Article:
We easily recognize this anger because we are used to viewing anger as a prima donna – an entity complete with a temperamental and aggressive nature and fits of violence. We are well acquainted with raw anger – the pure “spite” that induces physical revenge, though we may be less familiar with other outlets of anger. The celebratory response to anger is one that results from an inability, either of will or position, to react physically to the perceived victimizer. In this response, the victim chooses rather to lash out against the source of the anger mentally by reversing the roles of the victim and the victimizer in fantasy.

One example of this occurs on p.19 of Beloved when Howard and Buglar, angry and frightened by their mother’s attempt to kill them as youngsters, cluster together on the white stairs and make up ” die witch! stories with proven ways of killing her dead.” Though in real life they are bound to their mother through family ties and are unable to act out violently towards her, in their stories they are free to exact revenge in any way they please. Thus in this case, imagination provides an alternative, feasible outlet for their anger.

Similarly, when Paul D is bound (through actual chains instead of family ties) from acting out violently towards his captors in the prison in Alfred, Georgia, he along with the rest of the chain gang members, also follows a recasting script. Coincidentally, Tomkins uses the example of slavery when describing the subtleties of this particular response to anger. On p. 208 he says:
If I had been a black American slave on a southern plantation, feeling the pain of the lash of the whip, I might have wanted to express my anger in kind or to repay the debt in full and then some, or beyond that to kill the oppressor for all past suffering and to ensure freedom for the future. This would have entailed my own death, but I could have responded in an imagined scene in which vengeance is fully and richly taken and celebrated. And such fantasies could have led to sharing such possibilities through knowing glances with fellow victims who had also suffered the lash of the whip.
This of course is precisely the course the prisoners take while they beat the rocks in Alfred. They channel their anger by “singing it out and beating it up”, though it is not just the ‘pain of the lash of the whip’ that they are revenging when “they killed a boss so often and so completely that they had to bring him back to life to pulp him one more time.” (Morrison, p.109). Killing a boss in imagination is the only way they could fight against rape, humiliation, and abuse from their captors, and the complete hopelessness of escape. The idea that such songs could be sung out loud, that such possibilities could be ‘shared’ as Tomkins suggests is also significant. The shared fantasy is also a way of binding the chain gang together and the songs they sang while beating “rocks, women, children and bosses” is probably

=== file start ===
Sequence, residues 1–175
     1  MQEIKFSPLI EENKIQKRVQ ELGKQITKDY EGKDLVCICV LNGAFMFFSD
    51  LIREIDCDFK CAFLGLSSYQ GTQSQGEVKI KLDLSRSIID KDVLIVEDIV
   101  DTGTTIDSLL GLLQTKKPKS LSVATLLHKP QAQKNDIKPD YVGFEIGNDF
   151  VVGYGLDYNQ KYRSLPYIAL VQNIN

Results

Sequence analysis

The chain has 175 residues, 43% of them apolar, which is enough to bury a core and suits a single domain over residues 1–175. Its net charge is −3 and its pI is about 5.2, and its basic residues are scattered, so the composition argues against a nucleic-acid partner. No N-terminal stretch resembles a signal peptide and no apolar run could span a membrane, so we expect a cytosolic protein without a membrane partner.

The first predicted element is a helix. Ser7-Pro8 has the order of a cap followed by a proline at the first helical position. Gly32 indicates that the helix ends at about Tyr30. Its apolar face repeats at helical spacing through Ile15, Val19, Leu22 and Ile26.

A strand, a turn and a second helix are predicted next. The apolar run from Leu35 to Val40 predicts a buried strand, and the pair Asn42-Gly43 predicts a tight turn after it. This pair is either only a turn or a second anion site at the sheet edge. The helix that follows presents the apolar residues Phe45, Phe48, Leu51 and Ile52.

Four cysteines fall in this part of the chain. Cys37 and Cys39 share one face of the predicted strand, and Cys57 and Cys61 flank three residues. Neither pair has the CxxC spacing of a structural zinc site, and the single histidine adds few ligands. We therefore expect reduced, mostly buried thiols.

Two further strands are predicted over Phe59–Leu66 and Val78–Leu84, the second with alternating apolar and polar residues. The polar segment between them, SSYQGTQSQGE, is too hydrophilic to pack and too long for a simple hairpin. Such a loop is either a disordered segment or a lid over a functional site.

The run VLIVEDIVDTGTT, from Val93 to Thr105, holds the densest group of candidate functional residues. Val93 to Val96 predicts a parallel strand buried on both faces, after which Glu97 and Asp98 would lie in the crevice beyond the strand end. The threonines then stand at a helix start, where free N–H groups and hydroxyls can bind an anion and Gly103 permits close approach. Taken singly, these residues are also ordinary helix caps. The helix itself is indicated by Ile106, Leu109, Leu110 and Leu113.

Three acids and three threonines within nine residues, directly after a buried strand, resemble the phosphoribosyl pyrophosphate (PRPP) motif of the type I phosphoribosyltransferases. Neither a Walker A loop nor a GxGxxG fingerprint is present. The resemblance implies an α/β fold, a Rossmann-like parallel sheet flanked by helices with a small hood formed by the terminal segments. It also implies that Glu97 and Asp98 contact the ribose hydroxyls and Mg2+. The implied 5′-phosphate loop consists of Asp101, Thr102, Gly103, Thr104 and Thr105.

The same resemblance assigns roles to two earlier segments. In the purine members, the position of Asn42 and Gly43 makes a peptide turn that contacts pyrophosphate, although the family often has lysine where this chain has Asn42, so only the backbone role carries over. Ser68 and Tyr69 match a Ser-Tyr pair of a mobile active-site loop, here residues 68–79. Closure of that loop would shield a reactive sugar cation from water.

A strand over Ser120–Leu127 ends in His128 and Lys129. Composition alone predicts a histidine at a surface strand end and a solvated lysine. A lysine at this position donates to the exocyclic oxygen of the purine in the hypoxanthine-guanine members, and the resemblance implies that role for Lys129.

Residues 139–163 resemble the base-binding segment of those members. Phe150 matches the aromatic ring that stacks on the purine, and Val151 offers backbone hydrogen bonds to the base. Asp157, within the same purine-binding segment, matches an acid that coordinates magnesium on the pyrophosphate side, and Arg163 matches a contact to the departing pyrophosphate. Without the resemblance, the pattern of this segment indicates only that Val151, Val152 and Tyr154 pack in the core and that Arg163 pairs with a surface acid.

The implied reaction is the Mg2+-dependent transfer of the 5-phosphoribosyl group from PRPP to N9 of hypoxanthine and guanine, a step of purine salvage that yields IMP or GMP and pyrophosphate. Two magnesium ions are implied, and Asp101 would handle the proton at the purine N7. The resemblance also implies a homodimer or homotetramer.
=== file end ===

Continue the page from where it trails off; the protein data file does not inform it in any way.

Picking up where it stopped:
partially responsible for their joint escape from Alfred after the flood. But the recasting response usually works best when the anger and hatred are the only feelings one has towards the cause of the anger and the hatred. When other emotions are added to the mix, such as jealously or resentment, the response becomes a bit more complicated. The response to resentment, defined in Webster’s dictionary as ” a feeling of indignant displeasure of persistent ill will at something regarded as a wrong, insult or injury” is a deliciously complex reaction. Unsatisfied by Tomkins celebratory script nor his counteractive one, resentment initiates a response of its own. Whereas the counteractive script is usually employed when direct violent retaliation to angering stimulus is both desirable and possible and the celebratory script is used when such retaliation is desirable but not possible, jealousy and resentment are causes of an anger which do not necessarily desire violent retaliation even though it may be possible. This illogical emotion – this anger without complete justification – creates a mixture of feelings within the person experiencing it and makes for some interesting responses, some of which are explored in Toni Morrison’s Beloved